CSI Releases Draft Three of MasterFormat

ALEXANDRIA, VA. The Construction Specifications Institute MasterFormat Expansion Task Team on Feb. 25 released Draft Three of a revised MasterFormat document and called on interested parties to provide comments on the latest version. CSI had released two different second drafts last fall, one a reworking of the existing MasterFormat, the other a radical rewrite into nine super divisions. The latest

ALEXANDRIA, VA. — The Construction Specifications Institute MasterFormat Expansion Task Team on Feb. 25 released Draft Three of a revised MasterFormat document and called on interested parties to provide comments on the latest version.

CSI had released two different second drafts last fall, one a reworking of the existing MasterFormat, the other a radical rewrite into nine “super divisions.” The latest draft incorporates the nine groupings that can contain up to 10 divisions each.

CSI is doing the most comprehensive rewrite of MasterFormat in the product’s history to address existing topics more fully, add new topics, and expand coverage to include heavy civil engineering projects (roads and bridges) and industrial construction.

MasterFormat is the predominant standard in the United States for organizing written specifications for constructing nonresidential buildings.

Draft Three features a new numbering system that dramatically expands the capacity of the current MasterFormat. It replaces the 16-division format with nine “groupings,” each capable of holding up to 10 divisions. Section numbers now include six digits rather than five, providing a theoretical maximum of 10,000 sections per division at level three.

While the locations and names of divisions are subject to change, Draft Three of the new MasterFormat includes the following groupings (in italic) and divisions (with their numbers in parentheses):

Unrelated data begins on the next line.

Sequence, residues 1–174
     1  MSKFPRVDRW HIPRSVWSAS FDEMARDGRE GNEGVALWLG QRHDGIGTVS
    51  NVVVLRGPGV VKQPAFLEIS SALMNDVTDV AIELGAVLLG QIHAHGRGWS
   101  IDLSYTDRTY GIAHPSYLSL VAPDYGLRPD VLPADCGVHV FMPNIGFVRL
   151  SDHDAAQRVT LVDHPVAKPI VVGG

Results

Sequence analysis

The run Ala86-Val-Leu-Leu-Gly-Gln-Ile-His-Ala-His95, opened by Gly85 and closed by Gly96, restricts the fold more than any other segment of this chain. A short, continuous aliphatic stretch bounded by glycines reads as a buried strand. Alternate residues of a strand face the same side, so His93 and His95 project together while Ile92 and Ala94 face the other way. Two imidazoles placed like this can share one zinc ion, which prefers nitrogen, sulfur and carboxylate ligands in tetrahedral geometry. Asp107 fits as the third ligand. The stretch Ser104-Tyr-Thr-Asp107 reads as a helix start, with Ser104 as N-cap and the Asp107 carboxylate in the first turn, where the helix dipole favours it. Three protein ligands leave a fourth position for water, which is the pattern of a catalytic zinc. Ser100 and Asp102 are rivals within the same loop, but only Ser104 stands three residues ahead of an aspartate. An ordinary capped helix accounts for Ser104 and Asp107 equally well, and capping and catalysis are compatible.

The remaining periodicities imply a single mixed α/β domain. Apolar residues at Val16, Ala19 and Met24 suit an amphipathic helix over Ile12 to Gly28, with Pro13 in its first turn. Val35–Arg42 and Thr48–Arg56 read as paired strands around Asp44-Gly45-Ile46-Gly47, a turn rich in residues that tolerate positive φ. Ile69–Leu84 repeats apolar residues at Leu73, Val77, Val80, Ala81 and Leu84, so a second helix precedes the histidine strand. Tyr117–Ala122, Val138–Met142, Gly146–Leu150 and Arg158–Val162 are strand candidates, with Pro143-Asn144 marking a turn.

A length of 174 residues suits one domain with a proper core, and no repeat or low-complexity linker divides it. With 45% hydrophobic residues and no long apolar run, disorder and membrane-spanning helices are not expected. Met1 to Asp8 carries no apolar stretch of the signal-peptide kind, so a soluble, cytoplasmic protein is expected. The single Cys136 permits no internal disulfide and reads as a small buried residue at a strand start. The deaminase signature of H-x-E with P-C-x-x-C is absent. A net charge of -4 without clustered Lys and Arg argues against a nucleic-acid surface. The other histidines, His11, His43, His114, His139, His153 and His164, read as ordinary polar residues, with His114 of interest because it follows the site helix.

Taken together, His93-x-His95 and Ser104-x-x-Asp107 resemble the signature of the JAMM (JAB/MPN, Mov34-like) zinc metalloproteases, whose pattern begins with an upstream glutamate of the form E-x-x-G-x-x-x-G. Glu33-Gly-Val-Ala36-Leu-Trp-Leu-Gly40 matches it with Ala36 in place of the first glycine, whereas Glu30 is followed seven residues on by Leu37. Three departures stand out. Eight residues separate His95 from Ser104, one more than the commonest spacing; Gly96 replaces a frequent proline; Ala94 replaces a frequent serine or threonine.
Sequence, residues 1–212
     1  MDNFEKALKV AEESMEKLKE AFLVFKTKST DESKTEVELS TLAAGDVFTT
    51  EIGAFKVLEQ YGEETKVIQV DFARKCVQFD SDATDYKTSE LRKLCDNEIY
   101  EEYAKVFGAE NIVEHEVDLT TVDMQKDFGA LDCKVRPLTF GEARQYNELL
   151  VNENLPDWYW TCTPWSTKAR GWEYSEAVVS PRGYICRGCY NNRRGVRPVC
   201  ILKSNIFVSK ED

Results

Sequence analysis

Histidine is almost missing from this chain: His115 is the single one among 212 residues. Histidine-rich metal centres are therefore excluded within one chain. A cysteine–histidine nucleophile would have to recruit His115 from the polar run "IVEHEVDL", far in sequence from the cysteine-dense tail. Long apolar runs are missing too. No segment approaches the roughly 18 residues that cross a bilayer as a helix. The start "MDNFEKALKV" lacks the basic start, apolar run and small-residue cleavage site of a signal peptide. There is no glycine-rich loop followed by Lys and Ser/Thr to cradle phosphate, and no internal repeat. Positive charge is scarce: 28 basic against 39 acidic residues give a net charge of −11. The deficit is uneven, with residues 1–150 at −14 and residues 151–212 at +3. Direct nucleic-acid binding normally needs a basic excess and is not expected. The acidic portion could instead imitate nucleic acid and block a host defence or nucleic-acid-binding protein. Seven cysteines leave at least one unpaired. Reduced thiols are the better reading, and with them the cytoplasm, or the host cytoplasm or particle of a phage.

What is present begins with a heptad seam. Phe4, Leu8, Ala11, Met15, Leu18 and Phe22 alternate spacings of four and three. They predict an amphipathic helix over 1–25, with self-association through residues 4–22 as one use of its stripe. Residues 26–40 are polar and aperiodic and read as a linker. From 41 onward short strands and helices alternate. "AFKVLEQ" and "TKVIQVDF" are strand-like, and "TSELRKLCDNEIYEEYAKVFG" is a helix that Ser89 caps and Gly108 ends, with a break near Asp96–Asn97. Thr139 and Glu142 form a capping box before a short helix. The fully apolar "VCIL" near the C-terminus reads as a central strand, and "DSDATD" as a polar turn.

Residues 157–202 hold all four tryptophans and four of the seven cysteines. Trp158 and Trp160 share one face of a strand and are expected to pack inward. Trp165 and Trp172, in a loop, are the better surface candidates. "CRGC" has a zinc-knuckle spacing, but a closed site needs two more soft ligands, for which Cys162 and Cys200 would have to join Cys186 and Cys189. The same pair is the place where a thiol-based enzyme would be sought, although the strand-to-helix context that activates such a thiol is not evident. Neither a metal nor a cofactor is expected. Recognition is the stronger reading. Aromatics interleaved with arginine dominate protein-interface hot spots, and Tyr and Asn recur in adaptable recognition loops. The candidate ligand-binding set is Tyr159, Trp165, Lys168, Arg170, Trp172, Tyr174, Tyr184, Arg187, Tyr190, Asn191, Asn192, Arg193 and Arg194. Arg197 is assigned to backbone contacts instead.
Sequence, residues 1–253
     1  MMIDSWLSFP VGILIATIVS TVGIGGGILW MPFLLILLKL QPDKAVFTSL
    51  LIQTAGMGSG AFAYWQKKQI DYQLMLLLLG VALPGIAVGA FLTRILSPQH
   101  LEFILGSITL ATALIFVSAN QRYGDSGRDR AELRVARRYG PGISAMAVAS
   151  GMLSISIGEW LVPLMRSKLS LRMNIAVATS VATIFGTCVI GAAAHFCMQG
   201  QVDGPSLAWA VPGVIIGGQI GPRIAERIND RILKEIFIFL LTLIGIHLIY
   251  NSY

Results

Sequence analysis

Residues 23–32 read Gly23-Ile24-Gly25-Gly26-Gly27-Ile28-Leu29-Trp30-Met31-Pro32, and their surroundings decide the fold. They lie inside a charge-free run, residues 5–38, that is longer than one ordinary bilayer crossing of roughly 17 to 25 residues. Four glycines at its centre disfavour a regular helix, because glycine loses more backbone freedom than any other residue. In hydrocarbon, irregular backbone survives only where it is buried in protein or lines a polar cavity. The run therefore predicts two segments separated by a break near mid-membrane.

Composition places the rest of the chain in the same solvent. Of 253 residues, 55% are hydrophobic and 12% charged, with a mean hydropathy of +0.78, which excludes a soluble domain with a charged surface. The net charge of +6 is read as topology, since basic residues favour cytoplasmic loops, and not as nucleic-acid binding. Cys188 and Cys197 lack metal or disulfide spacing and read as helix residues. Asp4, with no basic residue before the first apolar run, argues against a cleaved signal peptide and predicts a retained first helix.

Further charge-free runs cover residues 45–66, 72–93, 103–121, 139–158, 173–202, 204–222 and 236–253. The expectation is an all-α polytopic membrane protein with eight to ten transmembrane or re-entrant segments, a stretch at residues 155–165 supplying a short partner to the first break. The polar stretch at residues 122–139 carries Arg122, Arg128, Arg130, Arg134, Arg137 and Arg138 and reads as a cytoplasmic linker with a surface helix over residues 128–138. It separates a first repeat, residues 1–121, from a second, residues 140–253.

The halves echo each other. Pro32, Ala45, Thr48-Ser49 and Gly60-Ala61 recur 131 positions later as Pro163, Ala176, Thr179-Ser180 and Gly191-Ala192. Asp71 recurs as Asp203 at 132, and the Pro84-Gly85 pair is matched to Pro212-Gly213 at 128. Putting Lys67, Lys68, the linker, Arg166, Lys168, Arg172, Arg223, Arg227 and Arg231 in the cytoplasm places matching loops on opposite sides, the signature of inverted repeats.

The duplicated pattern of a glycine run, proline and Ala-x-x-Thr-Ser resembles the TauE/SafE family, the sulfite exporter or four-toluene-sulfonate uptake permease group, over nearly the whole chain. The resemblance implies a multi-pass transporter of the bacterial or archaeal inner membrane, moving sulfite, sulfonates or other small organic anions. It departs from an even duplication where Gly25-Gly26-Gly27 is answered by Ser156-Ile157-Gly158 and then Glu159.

• Procurement and Contract Requirements: Introductory Information (01); Procurement Requirements (02); Contract Requirements (03).
  • Common Requirements: General Requirements (11); Existing Conditions (12); Performance Requirements (13).
  • Site Construction: Earthwork (21); Substructure (22); Pavements (23); Landscaping (24); Exterior Specialties (25).
  • Common Construction: Concrete (31); Masonry (32); Metalwork (33); Structural Wood (34); Structural Plastics (35); Structural Composites (36); Coatings (37); Facility Protection (38).
  • Facility Construction: Exterior Enclosure (41); Openings (42); Finishes (43); Facility Specialties (44); Furnishings (45); Special and Constructed Elements (46).
  • Equipment: Facility Equipment (51); Facility Conveying Equipment (52); Facility Material Equipment (53).
  • Facility Services Construction: Mechanical (61); Fire Suppression (63); Electrical (65); Communications (67); Electronic Safety and Security (68); Integrated Automation (69).
  • Infrastructure Construction: Utility Construction (71); Rail Transportation Construction (72); Airport Construction (73); Road and Highway Construction (74); Waterway and Marine Construction (75).
  • Process Construction: Process (80); Material Processing and Handling Equipment (81); Heating, Cooling and Drying Equipment (82); Gas and Liquid Handling, Purification and Storage Equipment (83); Pollution Control Equipment (84); Industry-Specific Manufacturing Equipment (85); Power Generation, Transmission and Distribution Equipment (86).

“The current 16 divisions have served the construction industry well for the last 40 years, but we simply don’t have any more room to fit new information and technologies into the current format,” said Dennis Hall, task team chairman. “Draft Three represents a MasterFormat document for the next 40 years, one that will allow the industry to maximize efficiency, minimize confusion and duplication, and hold down the costs of construction well into the future.”

In addition to reflecting aspects of all the proposals that composed Draft Two, the new numbering system employed in Draft Three is consistent with OmniClass. Now under development, OmniClass is a standard for construction information management.

As with previous drafts, the third version of a new MasterFormat is based heavily on input and feedback from industry stakeholders who will use the new system. All told, the task team sought input from more than 500 AEC industry organizations.

Draft Three of MasterFormat Draft is on the Web at the official CSI Web site at www.csinet.org/technic/mfrevision.htm. The task team plans to publish a fourth draft for final commentary this spring, and the final version of the reorganized MasterFormat in Summer 2004.